These students had to move out of their uni house after finding rats in the toilet

The Flushed Away sequel no one was asking for

A house of seven university students have had to move out after finding rats in their toilet.

For two mornings in a row, they found rats who had become stuck and then drowned in the toilet’s water. They also saw a rat running across their kitchen.

20-year-old University of Kent student Elle Silvester is one of the seven students, moving into the house last September.

Warning: Graphic image ahead

Elle said: “One of our housemates woke up to find the ungodly sight of a rat in our shared girls’ toilet.

“The rat, still alive, couldn’t get out of the toilet bowl and drowned. We reported it and disposed of it in a plastic bag in the bin. The next morning, the same thing happened. Once again, it drowned and we updated the letting agents immediately.

“We thought we were being paranoid, but the same night we saw a rat run across our kitchen and hide behind our fridge.”

via SWNS

As well as rats, the students complained of other problems including mould, dripping taps and a broken washing machine.

The students moved out last month, after finding the rats in December.

They told their letting agent, Varsity Canterbury, which says it specialises in “exceptional quality student accommodation”.

The letting agent sent some traps, but the students weren’t able to catch any rats and continued to hear them running around the house.

“So many problems arose which made living an absolute headache”, Elle said.

via SWNS

“At first it was little problems like dripping taps, a broken washing machine and broken drawers. Then the light went in the boys’ bathroom with no windows, which meant they had to use the flashlights on their phones if they wanted to be able to see.

“Then we moved onto having mould. We’d clean it and it would come straight back no matter what we did. The property manager told us ‘mould is an issue caused by high humidity’. We’ve since found out that it was caused by a leak in the roof.”

The students contacted the letting agents in November, but say no one came to look at the extent of the mould. They were sent an email by the property manager which explained how to clean mould and the reasons it appears.

via SWNS

A health check on the house found that a hole in the roof had led to a leak causing the mould.

“Ultimately, the whole ordeal has been stressful and uncomfortable. We couldn’t bear the rats or mould anymore”, Elle said. “It’s affected our studies and it’s affected our social and personal lives.”

The students moved out on February 11th after commissioning an independent health inspection. Checks on February 6th and 14th found fresh rodent droppings, mould and a leak in the roof.

A report by the inspector also said planning permission had not been sought to “configure” the property as a “seven-bedroom HMO” (house of multiple occupancy).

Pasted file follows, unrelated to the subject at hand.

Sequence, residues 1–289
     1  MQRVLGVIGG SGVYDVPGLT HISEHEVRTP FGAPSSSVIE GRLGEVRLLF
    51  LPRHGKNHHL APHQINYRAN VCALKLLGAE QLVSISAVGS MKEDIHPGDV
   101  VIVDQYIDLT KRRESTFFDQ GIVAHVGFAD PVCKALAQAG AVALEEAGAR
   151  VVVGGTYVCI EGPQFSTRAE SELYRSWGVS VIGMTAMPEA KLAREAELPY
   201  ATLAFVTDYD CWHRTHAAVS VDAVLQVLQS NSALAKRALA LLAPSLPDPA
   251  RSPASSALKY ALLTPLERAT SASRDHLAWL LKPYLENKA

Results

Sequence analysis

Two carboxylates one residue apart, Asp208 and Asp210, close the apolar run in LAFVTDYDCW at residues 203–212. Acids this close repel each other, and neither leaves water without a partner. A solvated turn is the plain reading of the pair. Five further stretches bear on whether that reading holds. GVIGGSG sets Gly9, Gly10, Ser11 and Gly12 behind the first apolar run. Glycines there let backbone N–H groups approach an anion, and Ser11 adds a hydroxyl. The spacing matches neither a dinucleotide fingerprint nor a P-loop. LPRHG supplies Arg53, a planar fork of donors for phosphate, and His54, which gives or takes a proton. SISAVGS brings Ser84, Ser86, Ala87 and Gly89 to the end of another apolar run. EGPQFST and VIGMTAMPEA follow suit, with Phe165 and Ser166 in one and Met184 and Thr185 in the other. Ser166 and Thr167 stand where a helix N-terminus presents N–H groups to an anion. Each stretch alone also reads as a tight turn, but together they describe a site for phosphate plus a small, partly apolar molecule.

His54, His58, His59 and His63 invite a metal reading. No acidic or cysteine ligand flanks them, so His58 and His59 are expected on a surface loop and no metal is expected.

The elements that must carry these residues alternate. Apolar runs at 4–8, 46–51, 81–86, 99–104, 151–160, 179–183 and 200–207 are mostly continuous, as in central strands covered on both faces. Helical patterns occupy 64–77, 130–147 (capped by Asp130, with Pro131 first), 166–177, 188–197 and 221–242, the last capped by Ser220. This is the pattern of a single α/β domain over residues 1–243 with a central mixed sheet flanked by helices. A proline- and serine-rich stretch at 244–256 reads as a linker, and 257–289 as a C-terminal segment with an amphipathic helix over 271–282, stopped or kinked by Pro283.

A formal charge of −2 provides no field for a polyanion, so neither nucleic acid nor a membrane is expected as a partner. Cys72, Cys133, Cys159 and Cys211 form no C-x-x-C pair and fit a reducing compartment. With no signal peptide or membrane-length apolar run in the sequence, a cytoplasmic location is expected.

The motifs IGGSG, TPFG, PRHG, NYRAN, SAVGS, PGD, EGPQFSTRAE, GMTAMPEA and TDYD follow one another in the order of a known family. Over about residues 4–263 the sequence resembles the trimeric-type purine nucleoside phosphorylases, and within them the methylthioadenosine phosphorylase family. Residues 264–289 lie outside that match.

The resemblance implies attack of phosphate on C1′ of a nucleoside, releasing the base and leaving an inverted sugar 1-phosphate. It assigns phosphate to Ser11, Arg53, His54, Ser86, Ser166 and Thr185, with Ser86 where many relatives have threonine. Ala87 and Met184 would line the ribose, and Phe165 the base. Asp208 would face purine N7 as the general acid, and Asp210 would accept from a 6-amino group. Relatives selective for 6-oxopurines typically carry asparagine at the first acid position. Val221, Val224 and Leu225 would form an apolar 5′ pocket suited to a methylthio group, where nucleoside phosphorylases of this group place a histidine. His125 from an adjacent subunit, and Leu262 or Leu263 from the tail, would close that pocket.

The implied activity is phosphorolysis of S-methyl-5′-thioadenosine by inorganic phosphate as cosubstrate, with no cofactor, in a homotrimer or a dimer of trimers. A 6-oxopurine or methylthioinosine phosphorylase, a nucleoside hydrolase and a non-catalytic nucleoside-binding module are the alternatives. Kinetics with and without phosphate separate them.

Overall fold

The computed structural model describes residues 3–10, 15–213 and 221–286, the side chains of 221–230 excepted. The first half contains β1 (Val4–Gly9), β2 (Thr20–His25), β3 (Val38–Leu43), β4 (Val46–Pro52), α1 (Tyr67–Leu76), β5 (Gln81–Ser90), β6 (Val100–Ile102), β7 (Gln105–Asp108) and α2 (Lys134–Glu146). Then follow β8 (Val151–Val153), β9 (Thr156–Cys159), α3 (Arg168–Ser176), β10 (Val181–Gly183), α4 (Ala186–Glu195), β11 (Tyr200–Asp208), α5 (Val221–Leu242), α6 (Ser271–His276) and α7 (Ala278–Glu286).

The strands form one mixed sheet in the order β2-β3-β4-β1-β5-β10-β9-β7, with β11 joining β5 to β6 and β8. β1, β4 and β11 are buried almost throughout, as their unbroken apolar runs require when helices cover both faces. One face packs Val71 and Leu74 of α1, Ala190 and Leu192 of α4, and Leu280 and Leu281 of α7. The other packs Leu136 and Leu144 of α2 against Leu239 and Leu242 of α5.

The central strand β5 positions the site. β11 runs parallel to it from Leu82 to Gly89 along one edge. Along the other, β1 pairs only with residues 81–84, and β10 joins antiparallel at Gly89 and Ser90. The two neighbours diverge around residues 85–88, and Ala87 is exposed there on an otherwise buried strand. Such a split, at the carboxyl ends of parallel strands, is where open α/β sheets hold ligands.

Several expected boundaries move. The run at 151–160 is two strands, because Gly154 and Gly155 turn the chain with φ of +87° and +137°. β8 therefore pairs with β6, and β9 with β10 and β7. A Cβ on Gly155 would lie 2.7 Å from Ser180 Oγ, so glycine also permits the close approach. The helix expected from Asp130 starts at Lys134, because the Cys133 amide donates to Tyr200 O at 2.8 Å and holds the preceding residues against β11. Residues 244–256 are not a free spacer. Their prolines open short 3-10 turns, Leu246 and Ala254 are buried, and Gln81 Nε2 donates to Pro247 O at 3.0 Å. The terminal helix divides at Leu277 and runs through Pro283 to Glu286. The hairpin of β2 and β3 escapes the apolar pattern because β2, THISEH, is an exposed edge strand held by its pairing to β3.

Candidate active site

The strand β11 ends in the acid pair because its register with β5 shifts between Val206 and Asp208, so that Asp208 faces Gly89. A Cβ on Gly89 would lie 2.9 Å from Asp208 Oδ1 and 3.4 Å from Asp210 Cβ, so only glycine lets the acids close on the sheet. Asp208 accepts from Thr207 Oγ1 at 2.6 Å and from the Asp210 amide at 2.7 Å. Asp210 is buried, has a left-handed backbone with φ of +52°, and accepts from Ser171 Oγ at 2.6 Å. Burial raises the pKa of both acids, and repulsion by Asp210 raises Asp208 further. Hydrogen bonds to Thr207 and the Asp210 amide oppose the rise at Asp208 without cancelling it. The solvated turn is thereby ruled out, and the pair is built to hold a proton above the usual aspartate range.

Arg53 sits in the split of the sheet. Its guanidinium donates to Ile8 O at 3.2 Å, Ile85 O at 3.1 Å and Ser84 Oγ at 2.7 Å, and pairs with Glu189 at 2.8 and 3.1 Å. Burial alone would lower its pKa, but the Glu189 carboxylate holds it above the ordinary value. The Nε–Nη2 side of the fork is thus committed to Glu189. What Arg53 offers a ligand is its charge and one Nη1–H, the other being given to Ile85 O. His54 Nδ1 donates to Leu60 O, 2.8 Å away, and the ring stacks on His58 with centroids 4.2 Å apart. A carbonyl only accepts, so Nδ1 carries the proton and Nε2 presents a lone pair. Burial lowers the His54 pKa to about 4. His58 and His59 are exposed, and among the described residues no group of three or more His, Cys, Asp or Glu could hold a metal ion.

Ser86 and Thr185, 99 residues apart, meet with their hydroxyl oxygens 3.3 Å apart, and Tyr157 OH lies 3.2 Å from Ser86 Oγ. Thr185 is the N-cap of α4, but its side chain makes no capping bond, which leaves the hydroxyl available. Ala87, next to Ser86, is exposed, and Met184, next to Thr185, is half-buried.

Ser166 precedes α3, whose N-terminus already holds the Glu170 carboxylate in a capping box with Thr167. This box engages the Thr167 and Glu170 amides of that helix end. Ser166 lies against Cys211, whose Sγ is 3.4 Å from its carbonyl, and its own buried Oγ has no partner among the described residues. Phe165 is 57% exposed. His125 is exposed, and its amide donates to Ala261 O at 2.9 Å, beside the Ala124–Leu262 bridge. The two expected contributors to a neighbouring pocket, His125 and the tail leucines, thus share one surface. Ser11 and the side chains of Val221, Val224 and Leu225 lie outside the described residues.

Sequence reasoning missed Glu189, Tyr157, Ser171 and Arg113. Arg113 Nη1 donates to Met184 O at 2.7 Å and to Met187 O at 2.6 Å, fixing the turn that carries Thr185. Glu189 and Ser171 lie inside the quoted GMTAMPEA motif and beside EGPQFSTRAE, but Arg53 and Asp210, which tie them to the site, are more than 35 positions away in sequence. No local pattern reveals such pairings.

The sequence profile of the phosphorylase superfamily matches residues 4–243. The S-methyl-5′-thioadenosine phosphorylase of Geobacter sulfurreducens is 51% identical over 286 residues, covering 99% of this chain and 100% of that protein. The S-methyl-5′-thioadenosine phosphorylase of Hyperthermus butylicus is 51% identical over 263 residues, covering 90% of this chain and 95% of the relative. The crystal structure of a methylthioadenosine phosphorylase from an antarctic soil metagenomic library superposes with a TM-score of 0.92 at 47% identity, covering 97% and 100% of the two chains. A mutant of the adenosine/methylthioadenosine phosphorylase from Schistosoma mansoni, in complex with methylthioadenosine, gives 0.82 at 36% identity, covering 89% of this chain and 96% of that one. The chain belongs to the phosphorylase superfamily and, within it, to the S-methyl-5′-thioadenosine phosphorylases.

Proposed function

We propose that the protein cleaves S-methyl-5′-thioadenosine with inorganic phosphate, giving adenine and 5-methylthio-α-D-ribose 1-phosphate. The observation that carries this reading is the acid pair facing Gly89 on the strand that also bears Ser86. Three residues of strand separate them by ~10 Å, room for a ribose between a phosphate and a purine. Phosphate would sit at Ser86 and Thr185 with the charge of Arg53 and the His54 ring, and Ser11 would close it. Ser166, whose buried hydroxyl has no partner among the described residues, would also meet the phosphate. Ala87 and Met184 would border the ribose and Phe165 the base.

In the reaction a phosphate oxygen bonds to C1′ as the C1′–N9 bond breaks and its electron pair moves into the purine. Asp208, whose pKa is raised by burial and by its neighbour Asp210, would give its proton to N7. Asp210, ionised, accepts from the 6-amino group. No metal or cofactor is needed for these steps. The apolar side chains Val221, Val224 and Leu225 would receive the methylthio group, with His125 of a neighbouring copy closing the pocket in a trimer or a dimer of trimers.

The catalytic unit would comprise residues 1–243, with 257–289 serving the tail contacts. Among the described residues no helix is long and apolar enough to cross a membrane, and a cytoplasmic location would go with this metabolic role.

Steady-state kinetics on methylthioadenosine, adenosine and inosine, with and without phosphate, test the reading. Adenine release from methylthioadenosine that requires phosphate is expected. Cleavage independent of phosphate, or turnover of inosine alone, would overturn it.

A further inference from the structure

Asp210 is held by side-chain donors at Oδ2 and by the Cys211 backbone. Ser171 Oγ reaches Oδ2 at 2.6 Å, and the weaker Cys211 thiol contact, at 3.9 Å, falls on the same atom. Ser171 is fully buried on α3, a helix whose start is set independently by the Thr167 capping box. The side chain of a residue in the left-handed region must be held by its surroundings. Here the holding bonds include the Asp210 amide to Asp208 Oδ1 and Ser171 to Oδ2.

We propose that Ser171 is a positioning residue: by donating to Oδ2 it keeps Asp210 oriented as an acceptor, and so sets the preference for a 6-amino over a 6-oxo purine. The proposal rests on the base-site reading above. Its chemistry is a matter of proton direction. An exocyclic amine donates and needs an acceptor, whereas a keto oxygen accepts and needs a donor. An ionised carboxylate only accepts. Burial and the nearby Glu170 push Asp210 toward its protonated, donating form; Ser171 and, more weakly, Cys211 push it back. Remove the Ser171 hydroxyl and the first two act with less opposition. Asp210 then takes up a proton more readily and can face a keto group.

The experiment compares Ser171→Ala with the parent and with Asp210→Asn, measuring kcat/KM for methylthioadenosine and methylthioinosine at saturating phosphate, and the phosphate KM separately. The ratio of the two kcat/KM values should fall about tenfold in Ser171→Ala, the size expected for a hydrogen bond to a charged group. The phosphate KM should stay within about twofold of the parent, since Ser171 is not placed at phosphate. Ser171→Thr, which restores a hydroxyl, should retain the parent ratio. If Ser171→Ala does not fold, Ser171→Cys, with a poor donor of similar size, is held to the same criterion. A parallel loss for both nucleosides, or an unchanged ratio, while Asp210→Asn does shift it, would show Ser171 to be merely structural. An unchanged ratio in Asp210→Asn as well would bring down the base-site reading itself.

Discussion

A spokesman for Canterbury City Council said: “We are concerned to hear about the difficulties that the residents of this property have been having. No complaints about its condition were made to us, so we were not aware of these issues until the report from the surveyor arrived in recent days. As a result of that report coming in, an inspection visit by our private sector housing team has been arranged for later this week.

“It is the responsibility of the property owner to seek permission if the use changes from a home to a house in multiple occupation. Such a permission has not been sought for this property and we’ll be investigating this now we have been made aware of it.”

A spokesperson for Varsity, the letting agency, said: “We sympathise with any tenants who encounter problems during their tenancy and we’ll always work quickly to address issues reported to us on behalf of the landlord.

“In this particular case, each time an issue has been reported, we’ve arranged for a relevant professional contractor to attend on the owners’ behalf – in some cases within hours of the report. It’s not always possible for issues to be resolved immediately and often they require further appointments and also action from the tenants.

“The tenants claim that the landlord doesn’t have the relevant permissions to let the property but the landlord claims otherwise and we understand he is currently in discussions with the council regarding this.” They added that the property has an HMO licence and when the council visited in September it raised “only a couple of minor and routine repair recommendations which were completed by the landlord”.

Have you had a uni accommodation crisis this year? Whether it’s in halls or with a private landlord – if you have a story you think we should know about, get in touch at [email protected]

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Featured image via The Tab archive and SWNS